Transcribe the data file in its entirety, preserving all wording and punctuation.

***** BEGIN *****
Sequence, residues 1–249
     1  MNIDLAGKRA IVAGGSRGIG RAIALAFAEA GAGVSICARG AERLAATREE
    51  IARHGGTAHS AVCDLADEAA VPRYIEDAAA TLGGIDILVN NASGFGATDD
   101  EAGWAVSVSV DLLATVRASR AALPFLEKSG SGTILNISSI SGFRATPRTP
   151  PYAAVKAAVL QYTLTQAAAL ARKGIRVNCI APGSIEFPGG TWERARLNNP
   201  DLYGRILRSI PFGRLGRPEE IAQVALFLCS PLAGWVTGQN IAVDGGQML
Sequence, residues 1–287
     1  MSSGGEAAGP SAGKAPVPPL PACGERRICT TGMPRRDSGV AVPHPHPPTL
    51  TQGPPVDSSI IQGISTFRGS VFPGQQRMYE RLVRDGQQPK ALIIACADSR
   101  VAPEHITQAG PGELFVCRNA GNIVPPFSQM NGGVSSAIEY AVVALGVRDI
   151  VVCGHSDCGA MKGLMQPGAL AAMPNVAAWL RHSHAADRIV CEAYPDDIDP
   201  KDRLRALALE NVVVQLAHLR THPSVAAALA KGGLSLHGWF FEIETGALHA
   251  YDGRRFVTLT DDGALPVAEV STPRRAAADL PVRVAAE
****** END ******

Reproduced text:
Sequence, residues 1–249
     1  MNIDLAGKRA IVAGGSRGIG RAIALAFAEA GAGVSICARG AERLAATREE
    51  IARHGGTAHS AVCDLADEAA VPRYIEDAAA TLGGIDILVN NASGFGATDD
   101  EAGWAVSVSV DLLATVRASR AALPFLEKSG SGTILNISSI SGFRATPRTP
   151  PYAAVKAAVL QYTLTQAAAL ARKGIRVNCI APGSIEFPGG TWERARLNNP
   201  DLYGRILRSI PFGRLGRPEE IAQVALFLCS PLAGWVTGQN IAVDGGQML
Sequence, residues 1–287
     1  MSSGGEAAGP SAGKAPVPPL PACGERRICT TGMPRRDSGV AVPHPHPPTL
    51  TQGPPVDSSI IQGISTFRGS VFPGQQRMYE RLVRDGQQPK ALIIACADSR
   101  VAPEHITQAG PGELFVCRNA GNIVPPFSQM NGGVSSAIEY AVVALGVRDI
   151  VVCGHSDCGA MKGLMQPGAL AAMPNVAAWL RHSHAADRIV CEAYPDDIDP
   201  KDRLRALALE NVVVQLAHLR THPSVAAALA KGGLSLHGWF FEIETGALHA
   251  YDGRRFVTLT DDGALPVAEV STPRRAAADL PVRVAAE